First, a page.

American gun culture: Collectors, shows, and the story of the gun. This book focuses on the value that gun owners place on their guns and the possibility that different guns mean different things to their owners. The book explores the symbolic meaning of guns, and the ways in which the meaning assigned to guns influences gun ownership and use. Some of the more interesting findings center around conversations with gun collectors and enthusiasts about a series of interaction rituals; rituals pertaining to being a gun owner, a gun user, and possibly even the gun as an object of near-worship. Gun owners also recognize a unique stigma, and respond through a complex series of stigma management techniques.
Gun crusaders: The NRA's culture war. This book provides a fascinating inside look at how the four-million member National Rifle Association and its committed members come to see each and every gun control threat as a step down the path towards gun confiscation, and eventually socialism. Enlivened by a rich analysis of NRA materials, meetings, leader speeches, and unique in-depth interviews with NRA members, Gun Crusaders focuses on how the NRA constructs and perceives threats to gun rights as one more attack in a broad liberal cultural war. Scott Melzer shows that the NRA promotes a nostalgic vision of frontier masculinity, whereby gun rights defenders are seen as patriots and freedom fighters, defending not the freedom of religion, but the religion of individual rights and freedoms.
Gun policy in the United States and Canada: The impact of mass murders and assassinations on gun control. The shooting at Virginia Tech in 2007 was one of the worst mass murders in the U.S., but it did not lead to any new federal gun control policy. In contrast, following a similar event in Montreal in 1989, Canada created new comprehensive gun policy. Such different outcomes are the focus of this survey, which sets out to explore the gun policymaking process in the U.S. and Canada in the aftermath of major events. It explores the many factors that lead to the drastically different reactions of the federal governments in each state if the aftermath of a mass shooting or assassination. To do so, it examines such elements as institutional arrangements, interest groups pressures (NRA, e.g.), and the party in power, studying the impact of such key events as the assassinations of J.F. Kennedy, Martin Luther King, Jr., Georgina Leimonis and shootings that occurred at Columbine, Stockton, and Vernon.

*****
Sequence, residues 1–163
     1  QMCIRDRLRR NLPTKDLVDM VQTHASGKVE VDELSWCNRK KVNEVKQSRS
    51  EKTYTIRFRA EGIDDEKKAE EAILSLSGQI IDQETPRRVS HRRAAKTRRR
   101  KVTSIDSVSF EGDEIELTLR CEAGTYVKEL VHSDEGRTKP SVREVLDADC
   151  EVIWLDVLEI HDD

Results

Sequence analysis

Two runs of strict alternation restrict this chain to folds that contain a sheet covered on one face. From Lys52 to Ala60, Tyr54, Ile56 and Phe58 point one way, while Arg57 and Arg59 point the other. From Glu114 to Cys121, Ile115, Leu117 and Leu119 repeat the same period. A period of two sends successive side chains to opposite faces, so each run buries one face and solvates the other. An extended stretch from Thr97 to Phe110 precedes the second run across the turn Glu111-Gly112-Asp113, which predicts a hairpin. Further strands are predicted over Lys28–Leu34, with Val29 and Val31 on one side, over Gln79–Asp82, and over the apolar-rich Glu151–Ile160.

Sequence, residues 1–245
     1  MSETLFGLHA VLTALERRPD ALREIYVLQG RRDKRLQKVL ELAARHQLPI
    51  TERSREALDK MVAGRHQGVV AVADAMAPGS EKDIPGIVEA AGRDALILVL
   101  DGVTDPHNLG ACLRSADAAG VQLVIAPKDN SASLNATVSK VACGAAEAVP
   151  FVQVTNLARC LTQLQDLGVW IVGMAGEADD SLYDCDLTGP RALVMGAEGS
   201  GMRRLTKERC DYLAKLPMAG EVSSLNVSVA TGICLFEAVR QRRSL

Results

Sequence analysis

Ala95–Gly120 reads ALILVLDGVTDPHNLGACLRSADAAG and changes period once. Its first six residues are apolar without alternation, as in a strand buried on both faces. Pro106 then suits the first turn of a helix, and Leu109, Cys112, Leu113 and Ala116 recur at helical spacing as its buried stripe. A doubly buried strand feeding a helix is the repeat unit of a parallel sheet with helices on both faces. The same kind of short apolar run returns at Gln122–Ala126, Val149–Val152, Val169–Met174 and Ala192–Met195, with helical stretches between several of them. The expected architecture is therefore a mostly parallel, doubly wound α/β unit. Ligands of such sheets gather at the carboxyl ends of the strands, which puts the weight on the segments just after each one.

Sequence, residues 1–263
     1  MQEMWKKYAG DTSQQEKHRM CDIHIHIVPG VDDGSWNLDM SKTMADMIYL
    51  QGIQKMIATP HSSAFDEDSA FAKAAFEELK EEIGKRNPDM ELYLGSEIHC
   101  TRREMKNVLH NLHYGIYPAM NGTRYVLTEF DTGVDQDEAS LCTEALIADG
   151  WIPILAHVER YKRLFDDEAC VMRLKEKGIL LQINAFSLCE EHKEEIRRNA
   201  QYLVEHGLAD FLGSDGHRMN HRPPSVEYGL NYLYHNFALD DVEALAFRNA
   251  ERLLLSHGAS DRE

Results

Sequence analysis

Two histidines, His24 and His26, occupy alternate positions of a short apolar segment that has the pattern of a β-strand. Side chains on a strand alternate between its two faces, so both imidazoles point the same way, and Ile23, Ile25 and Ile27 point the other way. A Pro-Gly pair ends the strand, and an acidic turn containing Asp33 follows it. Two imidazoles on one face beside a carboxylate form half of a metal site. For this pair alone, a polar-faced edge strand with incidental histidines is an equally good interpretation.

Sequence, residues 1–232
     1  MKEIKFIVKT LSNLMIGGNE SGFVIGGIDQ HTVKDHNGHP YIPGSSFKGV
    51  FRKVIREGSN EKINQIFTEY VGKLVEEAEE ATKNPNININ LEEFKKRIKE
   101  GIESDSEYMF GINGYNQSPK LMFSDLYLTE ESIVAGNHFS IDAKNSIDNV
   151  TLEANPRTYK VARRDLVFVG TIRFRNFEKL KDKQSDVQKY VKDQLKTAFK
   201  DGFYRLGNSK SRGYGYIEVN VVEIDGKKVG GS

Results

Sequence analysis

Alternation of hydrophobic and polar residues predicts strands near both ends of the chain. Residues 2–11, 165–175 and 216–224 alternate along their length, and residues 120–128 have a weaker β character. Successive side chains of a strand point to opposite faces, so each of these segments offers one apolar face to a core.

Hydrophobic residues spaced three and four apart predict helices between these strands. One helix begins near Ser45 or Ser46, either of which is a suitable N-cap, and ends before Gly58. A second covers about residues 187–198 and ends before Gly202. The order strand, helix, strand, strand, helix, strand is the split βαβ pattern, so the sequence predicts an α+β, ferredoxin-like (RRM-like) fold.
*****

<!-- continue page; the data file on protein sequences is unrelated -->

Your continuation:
More guns, less crime: Understanding crime and gun control laws. On its initial publication in 1998, this book drew both lavish praise and heated criticism. More than a decade later, it continues to play a key role in ongoing arguments over gun-control laws: despite all the attacks by gun-control advocates, no one has ever been able to refute Lott’s simple, startling conclusion that more guns mean less crime. Relying on the most rigorously comprehensive data analysis ever conducted on crime statistics and right-to-carry laws, the book directly challenges common perceptions about the relationship of guns, crime, and violence. For this third edition, the author draws on an additional ten years of data—including provocative analysis of the effects of gun bans in Chicago and Washington, D.C—that brings the book fully up to date and further bolsters its central contention.